We are delighted that the President's state visit was so successful. Reciprocal state visits are considered with great care and sensitivity. I note my hon. Friend's remarks.
May I preface my question with an apology for turning up so late for foreign affairs questions? As you will recall, Madam Speaker, I have been an assiduous attender for many years. I have the best excuse in the world: I was entertaining to luncheon one of the most distinguished cultural figures in Britain, to whom the nation should be deeply grateful. I do not wish to publicise my name along with his. I am a mite in the cultural world; this chap is a magnifico.
May I now take up the point made in the question? The last thing we need now is good relations between Britain and Israel. The Israeli Government have behaved disgracefully in trying to pay no attention whatever to the Oslo agreements. Is it not time that the British Government made strong representations to President Clinton to the effect that there is no hope whatever of peace in the middle east for as long as the American Zionist lobby runs American foreign policy?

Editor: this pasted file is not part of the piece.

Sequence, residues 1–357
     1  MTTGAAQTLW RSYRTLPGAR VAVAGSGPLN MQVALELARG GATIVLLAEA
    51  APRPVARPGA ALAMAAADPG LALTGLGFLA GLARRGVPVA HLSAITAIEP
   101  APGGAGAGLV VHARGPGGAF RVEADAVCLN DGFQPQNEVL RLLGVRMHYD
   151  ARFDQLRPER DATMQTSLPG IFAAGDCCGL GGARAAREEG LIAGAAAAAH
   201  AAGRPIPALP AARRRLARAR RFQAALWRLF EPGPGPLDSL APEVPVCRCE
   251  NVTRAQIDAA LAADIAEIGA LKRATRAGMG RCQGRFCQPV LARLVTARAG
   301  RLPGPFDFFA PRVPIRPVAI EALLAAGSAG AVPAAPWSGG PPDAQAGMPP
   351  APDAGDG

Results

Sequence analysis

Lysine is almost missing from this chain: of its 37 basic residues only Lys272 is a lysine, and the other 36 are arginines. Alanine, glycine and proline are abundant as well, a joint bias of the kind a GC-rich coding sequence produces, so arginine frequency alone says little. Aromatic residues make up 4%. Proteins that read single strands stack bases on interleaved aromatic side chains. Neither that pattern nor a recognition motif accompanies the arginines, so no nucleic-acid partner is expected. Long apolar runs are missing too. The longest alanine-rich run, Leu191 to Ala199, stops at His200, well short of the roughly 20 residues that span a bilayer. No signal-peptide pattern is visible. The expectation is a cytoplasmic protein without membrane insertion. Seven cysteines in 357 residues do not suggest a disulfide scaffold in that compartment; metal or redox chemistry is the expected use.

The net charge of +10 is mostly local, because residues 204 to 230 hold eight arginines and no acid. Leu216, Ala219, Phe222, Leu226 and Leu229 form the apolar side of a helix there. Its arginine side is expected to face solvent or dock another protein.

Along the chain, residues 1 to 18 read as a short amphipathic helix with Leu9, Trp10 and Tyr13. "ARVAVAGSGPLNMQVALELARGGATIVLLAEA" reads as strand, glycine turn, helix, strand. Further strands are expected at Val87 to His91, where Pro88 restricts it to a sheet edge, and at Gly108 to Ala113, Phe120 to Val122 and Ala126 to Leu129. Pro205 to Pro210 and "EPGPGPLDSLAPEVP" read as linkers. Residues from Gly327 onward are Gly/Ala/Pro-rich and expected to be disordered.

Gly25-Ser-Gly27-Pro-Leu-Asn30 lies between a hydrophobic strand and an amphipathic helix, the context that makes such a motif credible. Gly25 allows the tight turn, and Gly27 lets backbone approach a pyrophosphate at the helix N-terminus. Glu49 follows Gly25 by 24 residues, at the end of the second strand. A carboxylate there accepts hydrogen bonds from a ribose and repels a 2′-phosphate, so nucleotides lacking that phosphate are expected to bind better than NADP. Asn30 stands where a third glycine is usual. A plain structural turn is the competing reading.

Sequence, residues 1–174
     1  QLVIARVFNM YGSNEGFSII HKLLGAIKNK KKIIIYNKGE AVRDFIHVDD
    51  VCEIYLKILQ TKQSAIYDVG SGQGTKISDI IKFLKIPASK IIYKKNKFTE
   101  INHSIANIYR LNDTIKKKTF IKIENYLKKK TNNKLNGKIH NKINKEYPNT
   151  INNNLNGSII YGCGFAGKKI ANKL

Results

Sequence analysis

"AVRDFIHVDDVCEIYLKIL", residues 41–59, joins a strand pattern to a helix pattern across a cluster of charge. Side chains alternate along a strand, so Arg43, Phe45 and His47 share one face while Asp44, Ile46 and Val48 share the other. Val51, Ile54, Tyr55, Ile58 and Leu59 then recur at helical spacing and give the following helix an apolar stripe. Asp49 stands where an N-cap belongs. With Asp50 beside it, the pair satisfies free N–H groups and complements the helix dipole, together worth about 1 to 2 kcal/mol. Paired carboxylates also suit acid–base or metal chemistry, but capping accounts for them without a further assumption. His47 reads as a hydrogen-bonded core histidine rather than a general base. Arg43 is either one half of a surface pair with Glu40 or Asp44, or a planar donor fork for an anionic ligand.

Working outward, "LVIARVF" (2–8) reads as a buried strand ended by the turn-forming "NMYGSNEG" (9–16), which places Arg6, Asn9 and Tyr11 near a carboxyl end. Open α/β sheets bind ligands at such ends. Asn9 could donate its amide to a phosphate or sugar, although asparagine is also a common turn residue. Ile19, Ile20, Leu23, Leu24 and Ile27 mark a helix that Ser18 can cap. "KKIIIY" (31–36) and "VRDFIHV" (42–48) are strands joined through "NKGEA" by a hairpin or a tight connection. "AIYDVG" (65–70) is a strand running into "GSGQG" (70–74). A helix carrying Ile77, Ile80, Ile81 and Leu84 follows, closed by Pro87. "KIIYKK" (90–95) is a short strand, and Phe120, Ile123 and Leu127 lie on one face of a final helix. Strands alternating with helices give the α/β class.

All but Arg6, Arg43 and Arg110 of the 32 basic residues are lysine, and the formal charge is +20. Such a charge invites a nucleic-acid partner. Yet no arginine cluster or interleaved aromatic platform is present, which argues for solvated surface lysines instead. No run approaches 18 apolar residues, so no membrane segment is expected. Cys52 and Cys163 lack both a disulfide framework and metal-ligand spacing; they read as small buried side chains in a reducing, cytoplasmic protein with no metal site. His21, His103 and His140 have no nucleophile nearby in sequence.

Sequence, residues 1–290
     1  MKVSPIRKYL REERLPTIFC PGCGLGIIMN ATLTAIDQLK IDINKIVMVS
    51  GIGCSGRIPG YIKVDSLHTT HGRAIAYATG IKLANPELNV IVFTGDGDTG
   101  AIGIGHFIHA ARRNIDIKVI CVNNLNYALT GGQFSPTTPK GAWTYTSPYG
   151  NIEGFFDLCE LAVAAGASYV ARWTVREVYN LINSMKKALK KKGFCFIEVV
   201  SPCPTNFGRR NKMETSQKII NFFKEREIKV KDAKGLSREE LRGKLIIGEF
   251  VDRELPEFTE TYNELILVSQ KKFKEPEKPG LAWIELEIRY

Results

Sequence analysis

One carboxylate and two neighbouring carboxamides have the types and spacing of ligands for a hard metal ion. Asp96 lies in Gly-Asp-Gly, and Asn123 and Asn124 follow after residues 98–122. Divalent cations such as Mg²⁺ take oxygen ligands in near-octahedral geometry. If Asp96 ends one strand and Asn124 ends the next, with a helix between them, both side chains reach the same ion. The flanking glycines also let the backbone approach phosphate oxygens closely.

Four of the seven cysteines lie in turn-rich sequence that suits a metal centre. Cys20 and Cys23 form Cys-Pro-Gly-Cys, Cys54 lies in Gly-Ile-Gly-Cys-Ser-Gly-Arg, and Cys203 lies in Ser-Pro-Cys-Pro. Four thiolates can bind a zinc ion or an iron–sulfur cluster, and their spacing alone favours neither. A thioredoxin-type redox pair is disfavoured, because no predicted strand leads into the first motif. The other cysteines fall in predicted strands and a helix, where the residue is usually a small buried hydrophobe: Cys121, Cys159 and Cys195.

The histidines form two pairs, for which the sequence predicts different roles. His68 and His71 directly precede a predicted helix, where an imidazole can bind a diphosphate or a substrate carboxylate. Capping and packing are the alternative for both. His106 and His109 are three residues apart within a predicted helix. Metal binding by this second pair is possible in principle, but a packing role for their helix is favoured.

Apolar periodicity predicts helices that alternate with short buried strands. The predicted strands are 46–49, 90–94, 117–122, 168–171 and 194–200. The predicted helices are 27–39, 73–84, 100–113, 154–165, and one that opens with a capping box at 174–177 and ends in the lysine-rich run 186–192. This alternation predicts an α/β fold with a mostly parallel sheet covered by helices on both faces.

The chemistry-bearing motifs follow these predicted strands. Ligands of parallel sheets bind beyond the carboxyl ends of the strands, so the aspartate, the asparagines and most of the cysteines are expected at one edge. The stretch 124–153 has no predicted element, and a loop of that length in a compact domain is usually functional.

The hon. Gentleman can best be described as a magnificent mite. I think that that covers all the qualities that he has displayed for many years.
Let me deal with the hon. Gentleman's substantive question. Of course we are conscious of the great concern about the current state of the peace process, but I think that the hon. Gentleman was unfair in reaching his conclusion. There have been important and beneficial developments—the Hebron agreement, the release of female Palestinian prisoners and a number of other developments. Nevertheless, we share the fear, especially in the light of the recent Har Homa announcement, that that could involve a serious setback for the process. We hope that the Israelis will consider carefully before implementing the decision that was announced recently.